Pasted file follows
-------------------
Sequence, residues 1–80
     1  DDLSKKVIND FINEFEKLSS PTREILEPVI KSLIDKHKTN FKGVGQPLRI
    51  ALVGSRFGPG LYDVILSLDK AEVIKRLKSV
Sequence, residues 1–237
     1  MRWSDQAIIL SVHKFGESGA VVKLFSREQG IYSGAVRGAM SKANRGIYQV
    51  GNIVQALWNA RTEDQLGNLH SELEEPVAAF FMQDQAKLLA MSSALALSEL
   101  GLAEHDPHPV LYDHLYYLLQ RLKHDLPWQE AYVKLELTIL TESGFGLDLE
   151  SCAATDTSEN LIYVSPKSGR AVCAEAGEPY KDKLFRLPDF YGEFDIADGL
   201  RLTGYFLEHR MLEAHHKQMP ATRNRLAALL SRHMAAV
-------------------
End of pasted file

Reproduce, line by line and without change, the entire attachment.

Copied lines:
Sequence, residues 1–80
     1  DDLSKKVIND FINEFEKLSS PTREILEPVI KSLIDKHKTN FKGVGQPLRI
    51  ALVGSRFGPG LYDVILSLDK AEVIKRLKSV
Sequence, residues 1–237
     1  MRWSDQAIIL SVHKFGESGA VVKLFSREQG IYSGAVRGAM SKANRGIYQV
    51  GNIVQALWNA RTEDQLGNLH SELEEPVAAF FMQDQAKLLA MSSALALSEL
   101  GLAEHDPHPV LYDHLYYLLQ RLKHDLPWQE AYVKLELTIL TESGFGLDLE
   151  SCAATDTSEN LIYVSPKSGR AVCAEAGEPY KDKLFRLPDF YGEFDIADGL
   201  RLTGYFLEHR MLEAHHKQMP ATRNRLAALL SRHMAAV